Jerry Chen, director of enterprise desktop platforms and solutions at VMware, gave a live demonstration at the VMworld Europe 2009 conference in Cannes of the firm's Mobile Virtualisation Platform (MVP) running on a Nokia N800 smartphone.
"I want to be the first to have a phone that can have both my work and phone personalities and keep them completely separate," he said.
In front of the keynote audience, Chen started up and used a virtual machine running Windows Embedded CE 6.0, which for the sake of the demonstration he labelled as his work environment.
Chen then switched back to the MVP console and started a second virtual machine running the open-source Android platform as his personal environment, for access to personal email and web browsing.
Each virtual machine is under 40MB in size, according to Chen, which means that they fit easily into the Nokia 800's available memory space. The touch-screen interface worked under both environments.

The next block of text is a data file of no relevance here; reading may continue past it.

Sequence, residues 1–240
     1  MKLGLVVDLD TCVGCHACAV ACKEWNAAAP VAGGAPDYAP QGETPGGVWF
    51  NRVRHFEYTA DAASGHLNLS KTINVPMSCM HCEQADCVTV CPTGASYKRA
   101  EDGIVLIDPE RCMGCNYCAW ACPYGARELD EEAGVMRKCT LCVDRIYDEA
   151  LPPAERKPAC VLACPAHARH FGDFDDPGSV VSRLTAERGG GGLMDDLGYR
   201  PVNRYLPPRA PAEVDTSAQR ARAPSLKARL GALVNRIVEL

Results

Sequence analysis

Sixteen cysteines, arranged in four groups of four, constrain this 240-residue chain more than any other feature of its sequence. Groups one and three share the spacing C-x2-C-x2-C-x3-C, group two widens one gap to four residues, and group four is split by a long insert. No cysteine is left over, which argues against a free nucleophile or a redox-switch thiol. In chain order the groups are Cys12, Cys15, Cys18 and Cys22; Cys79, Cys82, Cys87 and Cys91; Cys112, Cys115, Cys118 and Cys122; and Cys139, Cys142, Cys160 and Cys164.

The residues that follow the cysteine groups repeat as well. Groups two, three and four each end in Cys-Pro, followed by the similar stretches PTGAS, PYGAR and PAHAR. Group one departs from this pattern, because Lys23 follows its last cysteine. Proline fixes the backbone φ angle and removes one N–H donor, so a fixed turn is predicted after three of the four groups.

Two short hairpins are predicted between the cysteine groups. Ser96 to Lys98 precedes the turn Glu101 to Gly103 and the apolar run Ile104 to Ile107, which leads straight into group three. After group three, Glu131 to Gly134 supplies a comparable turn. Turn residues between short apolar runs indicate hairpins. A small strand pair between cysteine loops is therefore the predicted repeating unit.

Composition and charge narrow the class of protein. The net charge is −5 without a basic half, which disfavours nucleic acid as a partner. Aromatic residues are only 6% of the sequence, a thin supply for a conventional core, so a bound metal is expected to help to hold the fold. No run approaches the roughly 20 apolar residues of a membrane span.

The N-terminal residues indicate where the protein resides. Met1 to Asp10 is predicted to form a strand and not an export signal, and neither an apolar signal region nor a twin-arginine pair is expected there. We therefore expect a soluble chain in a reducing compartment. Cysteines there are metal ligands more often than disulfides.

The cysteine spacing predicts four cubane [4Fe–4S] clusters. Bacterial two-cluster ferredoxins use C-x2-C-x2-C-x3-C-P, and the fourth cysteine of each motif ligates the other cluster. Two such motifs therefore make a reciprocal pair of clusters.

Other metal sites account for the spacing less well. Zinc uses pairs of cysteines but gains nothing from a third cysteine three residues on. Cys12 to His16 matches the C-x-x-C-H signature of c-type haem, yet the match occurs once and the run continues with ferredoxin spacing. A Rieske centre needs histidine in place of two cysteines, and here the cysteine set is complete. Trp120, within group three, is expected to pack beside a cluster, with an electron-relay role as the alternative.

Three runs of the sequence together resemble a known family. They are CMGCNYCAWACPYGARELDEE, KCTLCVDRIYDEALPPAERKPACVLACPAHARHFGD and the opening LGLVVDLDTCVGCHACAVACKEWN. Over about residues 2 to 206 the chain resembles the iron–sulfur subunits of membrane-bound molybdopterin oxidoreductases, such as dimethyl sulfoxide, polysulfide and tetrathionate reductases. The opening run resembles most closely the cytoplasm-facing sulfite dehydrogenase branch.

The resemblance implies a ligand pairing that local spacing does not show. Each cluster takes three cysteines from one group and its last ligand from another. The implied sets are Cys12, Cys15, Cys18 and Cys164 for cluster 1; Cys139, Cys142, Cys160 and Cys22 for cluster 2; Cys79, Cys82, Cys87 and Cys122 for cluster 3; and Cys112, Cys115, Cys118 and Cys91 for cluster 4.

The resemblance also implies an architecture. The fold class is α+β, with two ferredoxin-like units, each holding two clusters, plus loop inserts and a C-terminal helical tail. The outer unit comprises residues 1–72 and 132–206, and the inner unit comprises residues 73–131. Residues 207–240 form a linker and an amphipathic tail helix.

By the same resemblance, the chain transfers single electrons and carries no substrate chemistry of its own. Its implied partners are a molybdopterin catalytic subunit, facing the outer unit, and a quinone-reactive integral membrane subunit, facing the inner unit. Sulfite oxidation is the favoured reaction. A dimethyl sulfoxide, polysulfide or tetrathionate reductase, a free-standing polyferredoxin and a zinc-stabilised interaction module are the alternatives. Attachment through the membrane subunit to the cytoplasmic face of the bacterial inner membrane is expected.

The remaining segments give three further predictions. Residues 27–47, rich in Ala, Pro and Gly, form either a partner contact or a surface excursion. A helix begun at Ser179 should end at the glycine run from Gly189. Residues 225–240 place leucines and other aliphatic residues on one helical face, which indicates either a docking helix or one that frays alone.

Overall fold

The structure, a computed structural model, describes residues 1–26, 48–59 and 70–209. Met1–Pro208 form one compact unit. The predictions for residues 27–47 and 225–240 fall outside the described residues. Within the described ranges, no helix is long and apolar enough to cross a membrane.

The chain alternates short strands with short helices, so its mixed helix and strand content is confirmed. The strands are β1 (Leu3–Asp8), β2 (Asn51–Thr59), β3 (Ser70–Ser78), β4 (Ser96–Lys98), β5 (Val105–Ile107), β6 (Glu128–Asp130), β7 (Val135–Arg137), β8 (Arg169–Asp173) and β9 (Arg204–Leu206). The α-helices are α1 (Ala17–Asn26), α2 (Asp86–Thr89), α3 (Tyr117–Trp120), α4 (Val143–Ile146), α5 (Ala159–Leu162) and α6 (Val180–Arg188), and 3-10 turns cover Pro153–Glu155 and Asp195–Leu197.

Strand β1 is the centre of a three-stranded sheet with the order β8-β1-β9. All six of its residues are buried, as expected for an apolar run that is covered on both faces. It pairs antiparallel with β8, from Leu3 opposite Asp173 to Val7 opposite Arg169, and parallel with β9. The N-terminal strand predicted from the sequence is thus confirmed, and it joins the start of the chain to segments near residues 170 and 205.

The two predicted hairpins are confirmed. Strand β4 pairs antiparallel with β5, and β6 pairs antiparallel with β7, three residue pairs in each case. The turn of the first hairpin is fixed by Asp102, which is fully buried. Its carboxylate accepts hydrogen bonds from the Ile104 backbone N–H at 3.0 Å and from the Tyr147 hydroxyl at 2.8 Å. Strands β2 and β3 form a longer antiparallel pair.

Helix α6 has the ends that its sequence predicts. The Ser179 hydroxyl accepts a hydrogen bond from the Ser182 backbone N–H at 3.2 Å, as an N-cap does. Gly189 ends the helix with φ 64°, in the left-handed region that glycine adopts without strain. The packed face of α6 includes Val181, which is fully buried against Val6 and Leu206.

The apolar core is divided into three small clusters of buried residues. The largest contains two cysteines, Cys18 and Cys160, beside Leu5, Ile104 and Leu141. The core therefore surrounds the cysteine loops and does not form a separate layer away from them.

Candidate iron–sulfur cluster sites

MVP was first announced in November 2008, and is designed to bring the same benefits of virtualisation seen on PCs to mobile phones, according to VMware. This will include the ability for users to easily move their environment with their information and content to a new handset whenever they upgrade, as well as to keep separate profiles on one phone.
VMware also said that MVP will allow software vendors to create applications as "virtual appliances" that can run on any handset, regardless of the operating system. MVP is now in the evaluation phase with handset vendors, according to VMware, but the firm could not say when it might appear in production handsets.
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